Sir Oliver Wardrop and William Edward David Allen founded the Georgian Historical Society (1930), which published its own journal, Georgica, (1935- ; Ac.8821.e.) dedicated to Kartvelian studies. Several Georgian literary classics were translated by Marjory and Oliver Wardrop and other scholars.

Photograph of Marjory Wardrop in Georgian national dress

Photograph of Marjory Wardrop in Georgian national dress, 1896. Source: Wikimedia Commons

Various aspects of 20th-century Georgian culture and history are reflected in the Library’s collections:

The first sound recordings made in Georgia and the Caucasus, recorded in Tbilisi, 1901-1914, by the Gramophone Company of London;

A rare copy of H2SO4, the Georgian avant-garde journal, published in 1924 (RB.23.b.6973);

First editions of writings by the avant-garde artist David Kakabadze, published in Paris in 1924;

Avant-garde books designed and written by Ilia and Kiril Zdanevich;

Georgian émigré newspapers published in Europe and the USA after the Russian Revolution.

We also hold two later manuscript collections. The first, Musha (‘The Worker’: a journal of the socialist-revolutionary party in Georgia), was presented to the British Museum in 1898 by Prince Varlaam Cherkezishvili, a remarkable person who obtained a seat in the Constituent Assembly of the Democratic Republic of Georgia.

Page from the manuscript journal Musha with a drawing of a person working

Musha; Or.5315.

The second, written in the 1950s, consists of a collection of letters and postcards by Grigol Robakidze, a writer, publicist and public figure (Or 16935).

The Library’s Georgian holdings continue to grow in the 21st century. Contemporary Georgian material is acquired in the mainstream humanities disciplines. The emphasis is on reference books, history, art and culture, as well as literature, language, contemporary politics, ecology, etc.. We collect contemporary fiction in Georgian and also acquire translations via Legal Deposit and by purchase.

In addition to ongoing acquisitions of new material, the collection is supported by donations from the public and partners. Most recently, the collections were significantly strengthened by generous gifts from the Art Palace of Georgia - Museum of Cultural History.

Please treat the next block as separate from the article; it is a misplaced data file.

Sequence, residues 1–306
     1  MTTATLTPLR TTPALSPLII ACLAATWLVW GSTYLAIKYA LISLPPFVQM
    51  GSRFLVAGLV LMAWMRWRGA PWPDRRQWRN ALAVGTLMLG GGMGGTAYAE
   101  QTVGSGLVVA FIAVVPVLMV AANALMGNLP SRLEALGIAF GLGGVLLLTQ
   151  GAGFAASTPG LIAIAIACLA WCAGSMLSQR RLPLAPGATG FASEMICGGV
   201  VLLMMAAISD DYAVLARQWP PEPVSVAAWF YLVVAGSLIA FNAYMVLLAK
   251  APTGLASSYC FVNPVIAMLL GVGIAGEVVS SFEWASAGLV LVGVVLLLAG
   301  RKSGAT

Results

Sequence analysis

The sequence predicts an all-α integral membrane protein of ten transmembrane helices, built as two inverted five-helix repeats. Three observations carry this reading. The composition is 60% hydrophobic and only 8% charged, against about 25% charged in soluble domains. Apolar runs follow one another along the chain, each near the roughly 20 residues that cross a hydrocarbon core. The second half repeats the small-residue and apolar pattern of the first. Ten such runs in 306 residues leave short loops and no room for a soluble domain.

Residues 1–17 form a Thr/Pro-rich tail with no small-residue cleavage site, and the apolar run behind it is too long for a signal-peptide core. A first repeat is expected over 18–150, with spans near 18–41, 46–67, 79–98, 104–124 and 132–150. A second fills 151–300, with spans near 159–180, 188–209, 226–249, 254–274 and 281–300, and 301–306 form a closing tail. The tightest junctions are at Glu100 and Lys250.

Besides extremely valuable publications from the Art Palace, we have also received a collection of Georgian film posters 1934-1985 and four Georgian contemporary illuminated manuscripts. These manuscripts have been created by contemporary Georgian artists and calligraphers. They are original works but executed in gold ink in traditional Georgian style. The Art Palace commissioned these works specially for the British Library to enrich our Georgian collections.

Manuscript donated by Art Palace

Manuscript donated by Art Palace; (Awaiting shelfmark).

On Friday 25th and Sunday 27 February the British Library in association with Maya Jaggi and Writers’ House of Georgia will present two days of online events as part of the four-day festival Georgia’s Fantastic Tavern: Where Europe Meets Asia. Some of Georgia’s most celebrated novelists, playwrights and screenwriters will be reflecting on Georgia’s artistic legacy on the centenary of the first Georgian Republic and the 30th anniversary of independence from Soviet rule. Further details and booking information can be found here.

Anna Chelidze, Curator Georgian Collections

Further reading:

Georgian collections - The British Library (bl.uk)

World maps before 1400 | British Library - Picturing Places - The British Library (bl.uk)

The three lives of the Georgian alphabet - European studies blog

Documenting Georgian Costume in the 19th Century - European studies blog

Anzor Erkʿomaišvili = Anzor Erkosmaisvili. Kʿartʿuli pʿonočʿanacerebi ucʿxoetši = Georgian pohonogram recordings abroad. (HUS 016.7809475)

Georgia – Excavated Shellac 

 

Discovering Sacred Texts